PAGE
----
The last time I visited my mamaw, it was a spur of the moment thing. I was on my way back to school, and I swung by her house, even though it had been ages since I had stopped by. It didn’t take long to remember why. I stood in the doorway, unsure as to whether I should sit down or not. I started in about school and everything that was going on that I thought she’d like to know. Soon, we got to the question.
“So, when you going to bring me a girlfriend up here?”
“Oh Mamaw, I’ve been focusing so much on school and all the stuff I’m involved in that I haven’t had time to think of anything like that.”
She gave me a look and walked over to the refrigerator and pulled out a cold Natty Ice, Mamaw’s drink of choice. She placed it on the counter and announced, “Yeah, you never really were that interested in girls.” Bam. There it was. Mamaw was calling my bluff, and I wasn’t sure really what to do. She cracked open her brewski, and I could have sworn I was transported. The sound of Christmas past.
All the Christmases that I had at the Kirkland house seemed really forced. I would fight my cousins for a front tree spot, but Maggie was always promised that prime real estate. Casey and I were never really able to force ourselves to the front; we were too small, too mild. We would sit in the back and await our Christmas givings. Even as a child, I like to believe I wasn’t too high maintenance, but in comparison to the other cousin’s gifts, I couldn’t help but feel that maybe… just maybe… there was some underlying message behind the gifts we received. The first gift I remember was a VHS of the musical Annie, which in retrospect could be construed as Mamaw’s first passive-aggressive jab at my alleged lifestyle. Nothing could compare to the year that followed. Casey and I unwrapped our presents. The other boys were pulling out pocket knives; the girls were pulling out make-up and Barbies. Casey and I pulled out a miniature can of Beanee Weenees and Spicy Vienna Sausages (respectively), and toboggans. Mine had hair in it. Sweet deal, if I ever saw one. Casey and I traded gifts, mostly because I knew that Casey had this weird thing for Beanee Weenees that I still don’t understand. Mamaw asked us how we liked our gifts. Casey and I looked at each other, just a tender 8 and 9 years old, and agreed that the only thing we should do is nod enthusiastically. Mamaw patted me on the head and said, “Good. I know how you guys like to eat.” Thanks a heap, Mamaw, for picking up that my favorite hobby was… eating. We attempted to go one more time, but that was the year that the family decided to have Christmas in the rec center behind the flea market. We respectfully declined.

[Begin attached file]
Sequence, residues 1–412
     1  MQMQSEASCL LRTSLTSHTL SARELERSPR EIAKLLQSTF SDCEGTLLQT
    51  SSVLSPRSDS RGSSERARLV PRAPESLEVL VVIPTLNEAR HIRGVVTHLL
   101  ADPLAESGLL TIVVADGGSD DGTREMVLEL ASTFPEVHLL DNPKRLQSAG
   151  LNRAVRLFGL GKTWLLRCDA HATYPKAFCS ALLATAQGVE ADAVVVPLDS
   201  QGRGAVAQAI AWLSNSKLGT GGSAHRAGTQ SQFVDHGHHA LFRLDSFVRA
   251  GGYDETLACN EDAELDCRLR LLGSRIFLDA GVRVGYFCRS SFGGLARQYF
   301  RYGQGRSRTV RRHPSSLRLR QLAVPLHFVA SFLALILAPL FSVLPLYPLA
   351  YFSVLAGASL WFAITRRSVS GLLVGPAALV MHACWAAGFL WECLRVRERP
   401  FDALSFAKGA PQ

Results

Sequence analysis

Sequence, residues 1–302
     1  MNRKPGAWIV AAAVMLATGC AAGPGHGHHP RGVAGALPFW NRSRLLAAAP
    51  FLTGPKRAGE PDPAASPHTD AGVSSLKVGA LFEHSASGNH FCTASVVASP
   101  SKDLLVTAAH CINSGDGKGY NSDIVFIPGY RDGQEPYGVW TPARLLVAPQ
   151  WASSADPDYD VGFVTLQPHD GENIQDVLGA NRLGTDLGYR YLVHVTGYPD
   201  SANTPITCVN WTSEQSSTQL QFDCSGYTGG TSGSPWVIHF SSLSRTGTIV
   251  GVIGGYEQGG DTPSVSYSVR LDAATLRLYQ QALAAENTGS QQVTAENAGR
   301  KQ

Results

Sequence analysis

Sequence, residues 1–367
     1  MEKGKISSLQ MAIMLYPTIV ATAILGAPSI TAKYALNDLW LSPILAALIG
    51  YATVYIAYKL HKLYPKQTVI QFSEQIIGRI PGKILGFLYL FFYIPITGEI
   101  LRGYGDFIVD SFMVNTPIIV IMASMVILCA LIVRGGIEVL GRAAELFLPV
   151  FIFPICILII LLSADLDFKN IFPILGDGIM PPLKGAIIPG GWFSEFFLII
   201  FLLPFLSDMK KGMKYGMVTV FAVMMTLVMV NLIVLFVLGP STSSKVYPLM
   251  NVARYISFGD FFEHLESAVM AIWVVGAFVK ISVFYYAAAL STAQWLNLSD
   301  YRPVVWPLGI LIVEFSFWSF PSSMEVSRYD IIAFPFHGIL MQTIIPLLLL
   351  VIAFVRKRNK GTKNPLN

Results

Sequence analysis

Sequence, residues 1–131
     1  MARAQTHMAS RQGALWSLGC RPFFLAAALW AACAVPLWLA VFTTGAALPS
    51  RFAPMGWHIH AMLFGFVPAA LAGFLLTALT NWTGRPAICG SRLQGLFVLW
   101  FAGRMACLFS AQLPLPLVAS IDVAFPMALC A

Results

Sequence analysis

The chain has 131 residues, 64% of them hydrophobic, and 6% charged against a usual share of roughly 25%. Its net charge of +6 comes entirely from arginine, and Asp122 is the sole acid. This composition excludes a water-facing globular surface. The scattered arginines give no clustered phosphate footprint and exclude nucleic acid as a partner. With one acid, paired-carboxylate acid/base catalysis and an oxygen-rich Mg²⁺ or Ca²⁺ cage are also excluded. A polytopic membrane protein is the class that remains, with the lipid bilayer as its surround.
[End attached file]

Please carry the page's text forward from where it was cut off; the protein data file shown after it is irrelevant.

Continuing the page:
Sometimes I kind of miss Mamaw, but I refresh my memory with all the memories that we’ve created, and I’m good for at least another 6-18 months. She pops up in the best ways; for instance, the first night that I ever drank, a friend offered me her signature beverage, and being the naive 18 year old I was, I announced to the group, “Oh cool! This is what my mamaw drinks!” She’s always had the ability to add a little bit of extra flavor the conversation, even if it is the cheap kind that tastes similar to what I would imagine horse piss tastes like. She’s the kind of Mamaw you would take to a kegger… that everyone’s already drunk at… as long as there’s no homosexuals in attendance. Yeah. That’s about right.
Regardless, everyone wants a Mamaw that loves them without inquiring about his sexuality and/or eating habits. That’s where Facebook came in. Eventually, I would start sending friend requests to any woman who shared my mamaw’s name that could remotely qualify as typical “mamaw age.” That’s when I found Mamaw Joyce, a 69 year old living down in Alabama. So far, she’s been present for my admission to grad school, my birthday, and my college graduation. It’s not like she needed me; she has a giant family of her own, or at least what I can see from Facebook. She took me in, all filled with Beanee Weenees and resentment, and treated me as her own.
Even though I don’t play baseball like the other Kirklands, nor have any desire to acquire a girlfriend, I consider myself adopted… kind of like a mail order grandson. Mamaw 2.0 seems to be working out fantastically. So, in turn, I just collect my own family. I find them and adopt them as my own, and sometimes, I imagine what it would be like to have them all come together. I like to call it “Fantasy Family,” and it works in the same way a fantasy draft would for sports. You go and get them from other walks of real life, and then you keep up with them to see how they’re faring. You know that you’ve won at the end of the day when you realize that picking your own family is a lot more fun than sticking with only the players you were given by chance. And damn it, I made sure that all of them know that I have no preference for canned pork and beans.